In 2009, when Ableton announced a partnership with legendary, if under-recognized software lab Cycling ’74, music tech nerds the world round (including, shamelessly, yours truly) rejoiced: here were two forward thinking and proven developers collaborating in what might just be the next great evolution of music software: user modifiable, native effects, instruments and custom toolkits. For producers and composers the possibilities for sound design were endless; for DJs it seemed a whole new world of performance tools, which would make Moldover’s Smart-Mixer look as sophisticated as the unfocussed finger painting of a retarded ape, was on the horizon.
It’s now been 18 months since the dream was realized but instead of soaking up the glorious new halcyon days of shared DIY resources by the mountainload, we find instead a real dearth of material. The biggest Max For Live community on the web, maxforlive.com, has at the time of writing fewer than 500 devices available – hardly setting the world on fire. MFL was well conceived and marketed; the pricing was reasonable and the implementation wickedly intelligent and beautifully designed. So what happened?
To answer that, we need to know a bit about how MFL works. It’s a proprietary version of Max/MSP, a modular programming environment that has the user connecting small, and ostensibly simple, objects together with virtual patch cords. Data flow through these cords and between objects that modify them in some way, before finally resulting in some kind of output, be it audio, MIDI or otherwise.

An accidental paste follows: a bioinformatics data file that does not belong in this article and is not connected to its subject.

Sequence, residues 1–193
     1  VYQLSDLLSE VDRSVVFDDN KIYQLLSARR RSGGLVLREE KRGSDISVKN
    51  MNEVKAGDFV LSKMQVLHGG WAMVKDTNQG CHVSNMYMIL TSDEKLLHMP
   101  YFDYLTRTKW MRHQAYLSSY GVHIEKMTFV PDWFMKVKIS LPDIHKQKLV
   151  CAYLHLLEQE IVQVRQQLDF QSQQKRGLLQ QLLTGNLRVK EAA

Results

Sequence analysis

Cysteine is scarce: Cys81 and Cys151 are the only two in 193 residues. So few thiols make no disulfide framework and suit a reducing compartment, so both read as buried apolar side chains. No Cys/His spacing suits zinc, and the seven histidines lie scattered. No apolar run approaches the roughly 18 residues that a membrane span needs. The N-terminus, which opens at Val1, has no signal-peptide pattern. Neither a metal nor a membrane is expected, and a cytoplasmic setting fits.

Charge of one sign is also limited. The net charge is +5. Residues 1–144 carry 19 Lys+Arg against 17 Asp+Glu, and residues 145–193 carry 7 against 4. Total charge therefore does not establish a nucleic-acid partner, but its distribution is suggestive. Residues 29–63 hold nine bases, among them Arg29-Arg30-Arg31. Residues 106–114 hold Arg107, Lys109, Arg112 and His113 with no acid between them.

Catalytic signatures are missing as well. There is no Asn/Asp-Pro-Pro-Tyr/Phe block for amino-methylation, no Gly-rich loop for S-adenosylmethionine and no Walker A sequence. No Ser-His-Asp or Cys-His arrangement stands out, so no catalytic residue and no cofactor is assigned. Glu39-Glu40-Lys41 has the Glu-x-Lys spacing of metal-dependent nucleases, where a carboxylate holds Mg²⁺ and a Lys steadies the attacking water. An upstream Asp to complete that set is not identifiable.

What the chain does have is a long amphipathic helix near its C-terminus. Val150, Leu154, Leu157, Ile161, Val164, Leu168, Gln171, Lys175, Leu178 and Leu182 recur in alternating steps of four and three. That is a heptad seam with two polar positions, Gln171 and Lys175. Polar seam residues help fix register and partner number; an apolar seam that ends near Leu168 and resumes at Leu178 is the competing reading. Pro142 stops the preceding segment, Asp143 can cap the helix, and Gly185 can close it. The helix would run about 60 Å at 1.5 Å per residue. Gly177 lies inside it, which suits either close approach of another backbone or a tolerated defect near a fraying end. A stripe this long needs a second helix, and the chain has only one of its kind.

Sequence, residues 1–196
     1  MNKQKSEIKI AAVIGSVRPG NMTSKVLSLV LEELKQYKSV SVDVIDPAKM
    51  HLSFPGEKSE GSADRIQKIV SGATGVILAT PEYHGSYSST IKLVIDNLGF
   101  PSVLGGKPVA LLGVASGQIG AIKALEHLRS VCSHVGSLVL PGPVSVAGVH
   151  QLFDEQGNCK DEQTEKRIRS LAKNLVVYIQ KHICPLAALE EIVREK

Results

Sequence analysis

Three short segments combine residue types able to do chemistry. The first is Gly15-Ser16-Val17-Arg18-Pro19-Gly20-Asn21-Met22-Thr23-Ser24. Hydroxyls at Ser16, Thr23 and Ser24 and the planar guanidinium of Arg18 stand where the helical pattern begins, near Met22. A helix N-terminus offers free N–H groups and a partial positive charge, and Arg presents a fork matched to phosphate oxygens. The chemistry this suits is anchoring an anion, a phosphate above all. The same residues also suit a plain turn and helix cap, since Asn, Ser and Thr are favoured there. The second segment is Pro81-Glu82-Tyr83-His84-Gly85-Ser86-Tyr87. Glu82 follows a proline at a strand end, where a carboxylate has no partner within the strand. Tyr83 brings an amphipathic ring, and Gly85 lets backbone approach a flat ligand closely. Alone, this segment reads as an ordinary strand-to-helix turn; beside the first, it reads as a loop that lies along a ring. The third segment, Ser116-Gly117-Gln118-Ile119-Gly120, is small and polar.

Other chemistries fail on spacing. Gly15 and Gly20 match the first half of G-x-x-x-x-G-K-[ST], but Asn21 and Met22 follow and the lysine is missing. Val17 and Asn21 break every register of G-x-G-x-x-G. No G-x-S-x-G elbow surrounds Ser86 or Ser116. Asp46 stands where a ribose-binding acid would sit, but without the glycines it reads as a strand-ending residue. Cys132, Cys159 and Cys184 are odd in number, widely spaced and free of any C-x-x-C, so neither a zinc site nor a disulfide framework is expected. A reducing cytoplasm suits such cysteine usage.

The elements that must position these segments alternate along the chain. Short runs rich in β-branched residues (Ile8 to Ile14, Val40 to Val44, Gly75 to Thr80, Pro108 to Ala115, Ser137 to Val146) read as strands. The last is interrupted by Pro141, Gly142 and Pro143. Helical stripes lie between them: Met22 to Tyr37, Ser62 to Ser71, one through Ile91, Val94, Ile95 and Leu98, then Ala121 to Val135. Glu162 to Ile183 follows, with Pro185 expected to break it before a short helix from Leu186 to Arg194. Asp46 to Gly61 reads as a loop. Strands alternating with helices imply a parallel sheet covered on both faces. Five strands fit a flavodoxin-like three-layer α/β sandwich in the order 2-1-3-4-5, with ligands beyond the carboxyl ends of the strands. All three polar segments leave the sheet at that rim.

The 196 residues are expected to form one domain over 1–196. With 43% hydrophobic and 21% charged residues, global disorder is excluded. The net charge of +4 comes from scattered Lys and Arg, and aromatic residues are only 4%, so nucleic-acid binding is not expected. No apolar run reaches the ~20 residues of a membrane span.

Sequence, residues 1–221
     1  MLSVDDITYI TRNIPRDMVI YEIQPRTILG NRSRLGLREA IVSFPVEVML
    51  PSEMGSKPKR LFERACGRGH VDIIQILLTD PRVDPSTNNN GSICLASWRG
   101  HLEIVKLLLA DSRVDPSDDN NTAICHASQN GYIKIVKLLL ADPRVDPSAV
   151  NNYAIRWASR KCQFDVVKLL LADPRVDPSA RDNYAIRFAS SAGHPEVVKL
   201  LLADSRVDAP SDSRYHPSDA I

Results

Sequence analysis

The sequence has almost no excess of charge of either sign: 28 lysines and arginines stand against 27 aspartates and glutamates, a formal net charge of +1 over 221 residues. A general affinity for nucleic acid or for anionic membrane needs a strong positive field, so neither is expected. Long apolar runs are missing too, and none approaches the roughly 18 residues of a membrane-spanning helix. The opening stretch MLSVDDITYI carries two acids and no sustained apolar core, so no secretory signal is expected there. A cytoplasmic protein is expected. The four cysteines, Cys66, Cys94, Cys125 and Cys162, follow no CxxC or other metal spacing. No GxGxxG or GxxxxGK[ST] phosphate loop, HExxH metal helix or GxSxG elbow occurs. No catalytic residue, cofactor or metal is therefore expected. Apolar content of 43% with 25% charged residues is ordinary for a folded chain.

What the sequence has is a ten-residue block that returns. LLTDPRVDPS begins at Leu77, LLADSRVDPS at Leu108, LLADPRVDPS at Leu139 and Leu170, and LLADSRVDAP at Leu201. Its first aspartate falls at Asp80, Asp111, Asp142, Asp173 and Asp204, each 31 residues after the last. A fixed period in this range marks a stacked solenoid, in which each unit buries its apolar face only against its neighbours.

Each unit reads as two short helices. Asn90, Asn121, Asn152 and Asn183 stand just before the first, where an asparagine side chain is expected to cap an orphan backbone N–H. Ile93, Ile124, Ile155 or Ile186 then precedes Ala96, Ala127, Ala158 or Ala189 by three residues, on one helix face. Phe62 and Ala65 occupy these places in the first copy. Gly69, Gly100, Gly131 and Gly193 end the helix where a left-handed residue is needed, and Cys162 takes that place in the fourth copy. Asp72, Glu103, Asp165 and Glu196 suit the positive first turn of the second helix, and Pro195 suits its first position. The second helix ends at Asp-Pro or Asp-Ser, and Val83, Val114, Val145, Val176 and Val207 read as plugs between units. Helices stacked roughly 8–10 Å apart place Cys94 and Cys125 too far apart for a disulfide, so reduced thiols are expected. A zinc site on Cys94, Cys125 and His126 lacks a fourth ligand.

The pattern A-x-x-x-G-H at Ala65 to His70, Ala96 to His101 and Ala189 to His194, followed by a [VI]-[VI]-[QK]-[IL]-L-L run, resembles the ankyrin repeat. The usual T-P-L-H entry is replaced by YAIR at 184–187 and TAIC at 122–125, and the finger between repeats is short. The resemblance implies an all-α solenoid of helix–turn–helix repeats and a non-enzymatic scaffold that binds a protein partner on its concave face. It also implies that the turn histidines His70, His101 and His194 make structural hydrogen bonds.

But for all the supposed simplicity of modular programming, Max requires the user to become familiar with peculiar functions and how they work. A lot of them. This is actually Max’s great strength: the tools you’re working with are elemental building blocks and so can be kneaded into just about anything you can imagine, and with MFL the objects include not only MIDI and audio tools but objects that provide access to Live’s own API, meaning that developers can – and do – create devices capable of integrating with the host in ways that no VST/AU/RTAS device could ever hope to achieve.
The downside to this versatility is the learning curve. Despite Ableton’s and Cycling’s consistently wonderful tutorials, there are no shortcuts here. You really need to go through the hard yards to learn to speak Max, before you can create anything of power and finesse. There’s no quick way to design, build and implement your device from the ground up – you’re using the basic, fundamental components, remember?
Compare this to Reaktor, a powerful toolkit in its own right and probably the nearest thing MFL has to a competitor. Compatible with any VST host – unlike MFL – Reaktor relies on simple graphical modules that most performers will already be familiar with: here’s an LFO, whole and complete, and ready to plug in. Here’s a sine wave generator. Here’s an audio input. Chain these things together to build away. Reaktor has only a fraction of the objects that Max has, and is not capable of anything like Max’s flexibility, but it is much easier to get your hands into and start getting interesting results. It might sound like a bit of blunt object next to Max, and it is, but then who wants to learn how to build an audio output before they can hear the synthesizer they’re working on?
Don’t write off Max For Live – I certainly haven’t; I still think it has the potential to usher in a new era for composers and performers alike, I just see now that it’s going to be a long, slow process that depends on the determination of the community to follow through and share amongst themselves. Which, as a card-carrying music/tech nerd myself, is fine by me.